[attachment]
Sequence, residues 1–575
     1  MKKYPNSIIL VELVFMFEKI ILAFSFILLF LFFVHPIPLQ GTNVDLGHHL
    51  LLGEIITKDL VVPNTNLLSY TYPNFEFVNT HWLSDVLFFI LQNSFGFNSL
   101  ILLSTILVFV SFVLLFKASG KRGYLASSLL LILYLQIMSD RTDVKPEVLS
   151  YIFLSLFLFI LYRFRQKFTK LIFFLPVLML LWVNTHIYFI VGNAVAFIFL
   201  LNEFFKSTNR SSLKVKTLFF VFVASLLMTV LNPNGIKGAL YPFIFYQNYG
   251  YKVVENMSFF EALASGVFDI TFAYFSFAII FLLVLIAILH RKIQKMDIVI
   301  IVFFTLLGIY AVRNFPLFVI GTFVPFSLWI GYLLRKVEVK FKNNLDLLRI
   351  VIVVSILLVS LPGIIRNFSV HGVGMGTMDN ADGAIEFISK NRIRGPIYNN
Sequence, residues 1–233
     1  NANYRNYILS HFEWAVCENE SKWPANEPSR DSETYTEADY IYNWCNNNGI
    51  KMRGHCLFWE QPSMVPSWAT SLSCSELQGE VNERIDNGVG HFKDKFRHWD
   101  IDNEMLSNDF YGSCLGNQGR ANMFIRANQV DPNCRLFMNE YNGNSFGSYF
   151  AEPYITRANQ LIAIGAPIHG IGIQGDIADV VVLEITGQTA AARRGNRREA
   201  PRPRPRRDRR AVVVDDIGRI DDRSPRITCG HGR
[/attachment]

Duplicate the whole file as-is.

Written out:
Sequence, residues 1–575
     1  MKKYPNSIIL VELVFMFEKI ILAFSFILLF LFFVHPIPLQ GTNVDLGHHL
    51  LLGEIITKDL VVPNTNLLSY TYPNFEFVNT HWLSDVLFFI LQNSFGFNSL
   101  ILLSTILVFV SFVLLFKASG KRGYLASSLL LILYLQIMSD RTDVKPEVLS
   151  YIFLSLFLFI LYRFRQKFTK LIFFLPVLML LWVNTHIYFI VGNAVAFIFL
   201  LNEFFKSTNR SSLKVKTLFF VFVASLLMTV LNPNGIKGAL YPFIFYQNYG
   251  YKVVENMSFF EALASGVFDI TFAYFSFAII FLLVLIAILH RKIQKMDIVI
   301  IVFFTLLGIY AVRNFPLFVI GTFVPFSLWI GYLLRKVEVK FKNNLDLLRI
   351  VIVVSILLVS LPGIIRNFSV HGVGMGTMDN ADGAIEFISK NRIRGPIYNN
Sequence, residues 1–233
     1  NANYRNYILS HFEWAVCENE SKWPANEPSR DSETYTEADY IYNWCNNNGI
    51  KMRGHCLFWE QPSMVPSWAT SLSCSELQGE VNERIDNGVG HFKDKFRHWD
   101  IDNEMLSNDF YGSCLGNQGR ANMFIRANQV DPNCRLFMNE YNGNSFGSYF
   151  AEPYITRANQ LIAIGAPIHG IGIQGDIADV VVLEITGQTA AARRGNRREA
   201  PRPRPRRDRR AVVVDDIGRI DDRSPRITCG HGR